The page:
(b)Harassment shall include single or repeated incidents involving unwanted and unwarranted conduct towards another person which is reasonably likely to have the effect of (i) violating that other’s dignity or (ii) creating an intimidating, hostile, degrading, humiliating, or offensive environment for that other.”

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The decision cannot be appealed by the University. Like an independent judicial system, the Discipline Committee is appointed by the University but is not under the control of the central University administration. 

For Jenny, the decision to not take forward the complaint cannot be appealed directly, however she does have the option to make a complaint about the University’s handling of her case under the Student Complaint Procedure. Any student whose case is not taken forward would have the same option.

Students who experience sexual misconduct from someone within their own college may also make a formal complaint under their college’s disciplinary procedures. 


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Mountain View

Cambridge adopts ‘balance of probabilities’

Asked about the potential outcomes of the Chair’s decision, Sarah d’Ambrumenil, Head of OSCCA, said that the University could not comment on individual cases.

D’Ambrumenil stressed that each case is taken on its own merits and that case management hearings are explicitly intended to only rule on the specific case they are looking at. However, she conceded that there is nothing preventing previous cases influencing future cases. 

She explained that outcomes from individual cases are taken into account when advising complainants about likely outcomes from complaint processes. This means that support staff may now be less likely to encourage students to follow through with complaints of sexual misconduct. This appears to be the case for the recent reinterpretation of the term “harassment".

For Jenny, the Chair’s ruling felt especially jarring considering its proximity to the well publicised decision to adopt changes to the Student Disciplinary Procedures from October.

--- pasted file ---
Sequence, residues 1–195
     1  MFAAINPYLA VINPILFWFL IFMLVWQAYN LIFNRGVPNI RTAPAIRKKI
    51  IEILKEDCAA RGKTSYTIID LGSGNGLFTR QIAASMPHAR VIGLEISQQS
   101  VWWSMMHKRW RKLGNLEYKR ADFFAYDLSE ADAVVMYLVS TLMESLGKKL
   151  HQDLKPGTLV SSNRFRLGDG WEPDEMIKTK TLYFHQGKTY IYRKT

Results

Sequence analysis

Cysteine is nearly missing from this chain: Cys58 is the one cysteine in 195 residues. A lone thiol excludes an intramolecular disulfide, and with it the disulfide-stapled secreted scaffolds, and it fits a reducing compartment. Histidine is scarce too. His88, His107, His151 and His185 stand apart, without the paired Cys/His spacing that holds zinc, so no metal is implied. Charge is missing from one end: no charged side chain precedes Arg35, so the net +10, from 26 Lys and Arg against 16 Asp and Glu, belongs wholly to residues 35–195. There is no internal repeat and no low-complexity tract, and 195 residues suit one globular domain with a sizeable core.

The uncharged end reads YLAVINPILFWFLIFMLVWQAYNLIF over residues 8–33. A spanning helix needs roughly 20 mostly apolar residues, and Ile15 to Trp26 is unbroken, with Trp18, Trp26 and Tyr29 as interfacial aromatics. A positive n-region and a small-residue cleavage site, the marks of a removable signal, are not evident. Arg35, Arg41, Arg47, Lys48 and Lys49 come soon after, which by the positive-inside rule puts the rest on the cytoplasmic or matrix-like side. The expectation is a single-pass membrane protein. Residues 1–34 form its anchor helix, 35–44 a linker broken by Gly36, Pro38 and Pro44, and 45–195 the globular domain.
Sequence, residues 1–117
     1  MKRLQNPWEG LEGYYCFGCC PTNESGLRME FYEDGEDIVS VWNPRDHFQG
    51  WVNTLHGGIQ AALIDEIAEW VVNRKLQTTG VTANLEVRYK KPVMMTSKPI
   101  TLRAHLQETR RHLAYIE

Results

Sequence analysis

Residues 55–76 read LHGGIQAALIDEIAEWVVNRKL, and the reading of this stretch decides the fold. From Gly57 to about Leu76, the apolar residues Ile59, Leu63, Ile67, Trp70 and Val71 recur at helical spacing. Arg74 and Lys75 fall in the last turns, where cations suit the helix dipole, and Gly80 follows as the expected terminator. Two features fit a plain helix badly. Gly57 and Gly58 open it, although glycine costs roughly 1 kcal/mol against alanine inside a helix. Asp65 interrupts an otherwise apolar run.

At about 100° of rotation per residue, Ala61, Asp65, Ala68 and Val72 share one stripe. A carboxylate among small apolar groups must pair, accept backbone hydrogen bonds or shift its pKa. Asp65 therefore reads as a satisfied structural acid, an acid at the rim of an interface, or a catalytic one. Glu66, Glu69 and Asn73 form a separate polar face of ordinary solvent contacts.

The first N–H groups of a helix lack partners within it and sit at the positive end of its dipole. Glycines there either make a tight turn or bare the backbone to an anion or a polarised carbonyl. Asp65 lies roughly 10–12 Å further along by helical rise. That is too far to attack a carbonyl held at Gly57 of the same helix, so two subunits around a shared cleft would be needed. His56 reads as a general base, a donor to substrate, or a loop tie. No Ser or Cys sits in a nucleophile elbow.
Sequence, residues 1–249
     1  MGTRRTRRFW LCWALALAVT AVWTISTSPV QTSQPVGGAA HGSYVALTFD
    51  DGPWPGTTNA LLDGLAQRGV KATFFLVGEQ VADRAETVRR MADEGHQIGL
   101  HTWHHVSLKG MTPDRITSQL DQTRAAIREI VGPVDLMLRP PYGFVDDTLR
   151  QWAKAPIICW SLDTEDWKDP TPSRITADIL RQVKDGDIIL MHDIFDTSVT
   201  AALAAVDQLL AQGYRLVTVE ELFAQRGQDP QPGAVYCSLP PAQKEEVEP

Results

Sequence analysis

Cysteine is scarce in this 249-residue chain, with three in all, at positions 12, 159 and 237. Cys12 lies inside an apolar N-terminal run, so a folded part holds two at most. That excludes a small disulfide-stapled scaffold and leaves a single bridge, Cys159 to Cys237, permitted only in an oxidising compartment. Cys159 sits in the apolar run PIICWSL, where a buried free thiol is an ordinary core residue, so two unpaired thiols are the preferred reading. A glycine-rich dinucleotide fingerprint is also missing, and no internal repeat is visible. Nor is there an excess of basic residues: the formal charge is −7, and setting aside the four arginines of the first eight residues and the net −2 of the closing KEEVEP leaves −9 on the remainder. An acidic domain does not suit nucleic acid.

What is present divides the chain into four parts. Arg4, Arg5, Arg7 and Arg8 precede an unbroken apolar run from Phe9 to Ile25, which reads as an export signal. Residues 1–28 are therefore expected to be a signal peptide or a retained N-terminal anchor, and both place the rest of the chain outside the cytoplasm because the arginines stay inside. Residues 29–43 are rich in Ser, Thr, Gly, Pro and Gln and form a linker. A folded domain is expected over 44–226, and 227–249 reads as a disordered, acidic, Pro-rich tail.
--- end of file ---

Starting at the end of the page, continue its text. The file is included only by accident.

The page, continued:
"How can it be that they are about to enact this quote unquote radical new policy that is absolutely going to change everything and make it much easier for people, and at the same time one single academic can literally change the entire game with the click of [their] fingers?

“They have completely taken away all agency from me”, Jenny said. “Defamation is still in the harassment definition. So if I complain about [my harasser] I can get in trouble, but he can't get in trouble for anything he has done, which is absolutely insane.

"It's all so ambiguous [...] the only kind of solid fact in any of it is that all those people are hung out to dry and left with no options."

"Students shouldn't make any assumptions about what the University can do", D’Ambrumenil emphasised.

D’Ambrumenil said “[OSCCA] continue to encourage more students to come forward and report any incidents or behaviour that they believe breach the University regulations”.

She continued: “It would be very dependent upon the individual student circumstances as to the likely actions that can take place, but students shouldn't make any assumptions about what the University can do.”

The University did not respond to multiple requests for comment. Two of the chairs of the Discipline Committee decline to comment on the decision. The two other chairs did not respond to a request for comment.

*The name of the student has been changed.

Updated 26 July 2019: This article was updated to correct an error that stated the case management hearing occurred on the 26th June rather than the correct date of the 20th June.

If you are affected by any of the issues raised in this article, the following organisations provide support and resources: